personal injury claimsCatastrophic injuries are a special type of personal injury claims that are characterized by the level of devastation those injuries cause.  These injuries are often so severe that they require a significant amount of medical treatment. Often, this includes long-term hospitalization, ongoing rehabilitation, and multiple surgeries, among other things. Catastrophic injuries frequently result in a significant financial consequences, as well. Brain injuries are common examples of personal injury claims that are catastrophic.

Steel Rod Falls on Costco Customer

A 62-year-old Costco customer was struck in the head by a steel rod while reaching for a package of paper towels at a Brookfield Costco in Connecticut. The victim suffered brain damage that was later determined to be irreversible. According to the complaint filed, the man was reaching for towels that had been stacked more than 7 feet high when a 40 inch long piece of steel pipe, three inches in diameter, struck him above his left eye. He alleges that he suffered a concussion, nerve and muscle damage to his face and loss of neurological dexterity in his left hand. He now suffers from migraines, sensitivities to noise and light, changes in his mood and behavior, as well as short-term memory lapses.

Legal Issues in the Costco Case

This lawsuit against Costco will require the victim to prove Costco failed to meet its duty of care to him as an invited customer shopping in a self-service environment. In order to defend itself, Costco must prove that it exercised reasonable care in keeping its customer areas free of dangerous or defective conditions. One of the factual issues will undoubtedly be whether stacking paper towels over seven feet high for customers is reasonably safe. More importantly, why was a steel rod stacked on top of the paper towel display.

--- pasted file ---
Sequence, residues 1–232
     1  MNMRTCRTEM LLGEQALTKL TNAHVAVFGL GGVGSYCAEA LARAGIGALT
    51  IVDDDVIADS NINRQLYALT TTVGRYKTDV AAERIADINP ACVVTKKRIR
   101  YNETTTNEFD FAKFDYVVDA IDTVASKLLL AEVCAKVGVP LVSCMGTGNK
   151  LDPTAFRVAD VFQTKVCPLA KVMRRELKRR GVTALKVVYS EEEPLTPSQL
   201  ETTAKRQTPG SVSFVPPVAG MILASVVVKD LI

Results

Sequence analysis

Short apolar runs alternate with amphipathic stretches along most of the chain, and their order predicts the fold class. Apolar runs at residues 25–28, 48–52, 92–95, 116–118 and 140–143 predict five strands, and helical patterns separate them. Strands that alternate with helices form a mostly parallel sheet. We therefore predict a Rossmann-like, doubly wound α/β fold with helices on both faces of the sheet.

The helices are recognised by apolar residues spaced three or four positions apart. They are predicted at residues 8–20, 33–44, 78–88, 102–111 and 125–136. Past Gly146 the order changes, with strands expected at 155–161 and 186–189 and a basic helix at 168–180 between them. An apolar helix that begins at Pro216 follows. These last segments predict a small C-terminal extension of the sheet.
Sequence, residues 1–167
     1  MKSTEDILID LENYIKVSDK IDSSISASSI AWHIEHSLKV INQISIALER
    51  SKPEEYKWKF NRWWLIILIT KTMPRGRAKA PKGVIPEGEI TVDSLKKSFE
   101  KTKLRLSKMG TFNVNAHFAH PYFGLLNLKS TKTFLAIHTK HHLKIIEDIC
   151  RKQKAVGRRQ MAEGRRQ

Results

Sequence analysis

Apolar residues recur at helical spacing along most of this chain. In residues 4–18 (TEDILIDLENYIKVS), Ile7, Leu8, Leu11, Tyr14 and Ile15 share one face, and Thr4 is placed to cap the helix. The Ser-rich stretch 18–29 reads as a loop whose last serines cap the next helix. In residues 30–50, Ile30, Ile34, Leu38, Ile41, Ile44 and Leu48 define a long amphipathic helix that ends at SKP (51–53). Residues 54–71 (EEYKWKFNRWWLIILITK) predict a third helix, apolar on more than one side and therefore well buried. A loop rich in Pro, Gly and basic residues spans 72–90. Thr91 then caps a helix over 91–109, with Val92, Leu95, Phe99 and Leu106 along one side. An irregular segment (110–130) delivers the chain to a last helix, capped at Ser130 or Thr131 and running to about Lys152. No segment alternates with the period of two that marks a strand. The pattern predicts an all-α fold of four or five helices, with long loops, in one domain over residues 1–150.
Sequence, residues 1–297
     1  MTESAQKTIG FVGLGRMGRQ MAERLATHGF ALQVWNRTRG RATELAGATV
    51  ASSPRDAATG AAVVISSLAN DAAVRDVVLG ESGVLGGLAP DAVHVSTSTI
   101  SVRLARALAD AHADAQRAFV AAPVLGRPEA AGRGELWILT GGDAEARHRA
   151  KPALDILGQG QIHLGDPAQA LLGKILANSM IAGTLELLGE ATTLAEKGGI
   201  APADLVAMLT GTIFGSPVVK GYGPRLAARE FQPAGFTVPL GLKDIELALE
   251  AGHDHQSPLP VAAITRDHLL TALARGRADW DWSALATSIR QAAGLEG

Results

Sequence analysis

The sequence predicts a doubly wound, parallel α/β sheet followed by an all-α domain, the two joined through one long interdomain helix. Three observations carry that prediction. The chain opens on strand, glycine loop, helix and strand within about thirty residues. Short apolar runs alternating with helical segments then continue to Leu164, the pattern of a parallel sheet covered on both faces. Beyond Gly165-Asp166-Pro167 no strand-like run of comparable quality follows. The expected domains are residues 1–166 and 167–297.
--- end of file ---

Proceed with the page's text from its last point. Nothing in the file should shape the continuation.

Costco was sued in another premises liability case in 2017, when a customer in Nevada fractured their ankle in a slip-and-fall case and was awarded more than $400,000. In a 2014, a jury in New York awarded a plaintiff nearly $10 million after being struck by a shopping cart improperly placed on an escalator by an employee.

Not All Traumatic Brain Injuries Leave an Open Wound

One thing many people don’t realize is that there may not be an open wound in every traumatic brain injury.  In car accidents, the sheer force of the collision can cause the brain to collide with the internal hard bone of the skull. This happens when a moving head comes to a quick stop, but the brain continues in its movement, striking the interior of the skull. The result is often a contusion (bruising of the brain) and hemorrhage (bleeding of the brain), neither of which may be visible at the time of injury.

Is There a Legal Definition of a “Catastrophic” Injury?

No, there is no specific legal definition for the term “catastrophic” as it relates to personal injuries. However, in legal terms, it is basically understood as a serious injury that results in long-term, maybe even permanent, disability or disfigurement. A catastrophic injury usually leads to a difficult recovery, multiple surgeries, and long-term medical treatment. It is not uncommon for victims suffering catastrophic injuries to be incapable of returning to work for an extended period of time. A catastrophic injury commonly makes some of the most basic daily tasks too difficult to deal with alone.

Potential Compensation for Catastrophic Injuries

The first step in receiving the compensation for your catastrophic injury is being able to prove the nature and extent of that injury. Not only is this the first step, but it can often be a challenging one. There are so many types of damages that may need to be proven. Your damages could include both present and future medical expenses, the cost of rehabilitation services, lost wages (both past and present), and compensation for disability, pain, suffering and mental anguish.
If you are the victim of a catastrophic injury, the first step you should take is to obtain the highest level of physical recovery that you can.  If full recovery is not possible in your situation, as is often the case with catastrophic injuries, then you should use rehabilitation services and vocational programs in order to obtain the best quality of life possible.
If you have questions regarding car accidents or any other personal injury matters in Arkansas or Missouri, please contact the Cottrell Law Office for a free consultation. You can contact us either online or by calling us toll-free at (888) 616-6356.

Author Photo

Wesley Cottrell

Wes Cottrell earned his B.A. from Pittsburg State University in 1981 and his J.D. from the Washburn University School of Law in Topeka, Kansas in 1985. He was admitted to practice law in Kansas in 1986, in Missouri in 1987, in Arkansas in 1989, and Oklahoma in 1993. He is licensed to practice law in the United States District Court for the District of Kansas, eastern Arkansas, western Arkansas, and western Missouri. He was Deputy Prosecuting Attorney in Crawford County, Kansas from 1987-1989.

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